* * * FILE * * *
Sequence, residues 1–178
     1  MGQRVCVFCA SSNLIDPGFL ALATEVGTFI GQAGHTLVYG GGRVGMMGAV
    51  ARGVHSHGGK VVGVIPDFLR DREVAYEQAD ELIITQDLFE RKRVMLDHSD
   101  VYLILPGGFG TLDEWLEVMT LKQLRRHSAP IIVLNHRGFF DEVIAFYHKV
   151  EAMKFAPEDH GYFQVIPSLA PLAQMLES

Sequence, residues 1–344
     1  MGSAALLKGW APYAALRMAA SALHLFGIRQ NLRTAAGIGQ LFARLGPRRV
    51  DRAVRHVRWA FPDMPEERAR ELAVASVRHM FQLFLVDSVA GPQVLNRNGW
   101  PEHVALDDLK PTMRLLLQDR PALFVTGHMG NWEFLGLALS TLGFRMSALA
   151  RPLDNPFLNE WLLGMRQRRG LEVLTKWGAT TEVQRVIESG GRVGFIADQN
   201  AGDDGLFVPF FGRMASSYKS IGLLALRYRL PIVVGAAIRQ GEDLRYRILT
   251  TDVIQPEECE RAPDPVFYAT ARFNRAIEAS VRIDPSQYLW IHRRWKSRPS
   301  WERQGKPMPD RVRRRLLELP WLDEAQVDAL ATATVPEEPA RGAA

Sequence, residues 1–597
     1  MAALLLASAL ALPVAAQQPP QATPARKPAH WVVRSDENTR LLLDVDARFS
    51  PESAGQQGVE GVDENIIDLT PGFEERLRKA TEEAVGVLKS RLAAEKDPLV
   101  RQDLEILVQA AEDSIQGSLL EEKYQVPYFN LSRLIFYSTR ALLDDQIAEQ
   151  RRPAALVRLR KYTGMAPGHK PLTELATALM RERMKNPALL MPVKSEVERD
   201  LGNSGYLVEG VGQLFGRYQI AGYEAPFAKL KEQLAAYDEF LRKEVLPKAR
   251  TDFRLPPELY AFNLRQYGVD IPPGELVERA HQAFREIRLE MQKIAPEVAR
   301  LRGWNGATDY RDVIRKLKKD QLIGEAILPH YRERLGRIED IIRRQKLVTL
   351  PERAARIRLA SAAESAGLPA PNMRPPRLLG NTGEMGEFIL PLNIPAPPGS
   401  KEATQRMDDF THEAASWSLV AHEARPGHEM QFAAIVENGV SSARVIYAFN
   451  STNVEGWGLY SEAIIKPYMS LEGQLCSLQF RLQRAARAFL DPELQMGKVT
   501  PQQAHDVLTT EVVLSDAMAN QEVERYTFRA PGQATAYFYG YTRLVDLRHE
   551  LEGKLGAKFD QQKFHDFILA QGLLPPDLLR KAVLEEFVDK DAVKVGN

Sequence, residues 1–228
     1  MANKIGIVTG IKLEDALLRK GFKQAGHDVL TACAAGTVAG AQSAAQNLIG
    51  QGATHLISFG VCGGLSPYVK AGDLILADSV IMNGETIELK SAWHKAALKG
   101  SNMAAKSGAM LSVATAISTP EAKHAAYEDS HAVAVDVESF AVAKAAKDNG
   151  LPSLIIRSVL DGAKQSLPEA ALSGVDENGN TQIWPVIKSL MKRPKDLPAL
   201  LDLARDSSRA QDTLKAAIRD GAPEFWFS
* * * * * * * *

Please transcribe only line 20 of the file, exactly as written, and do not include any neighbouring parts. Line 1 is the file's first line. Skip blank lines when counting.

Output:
   251  TDFRLPPELY AFNLRQYGVD IPPGELVERA HQAFREIRLE MQKIAPEVAR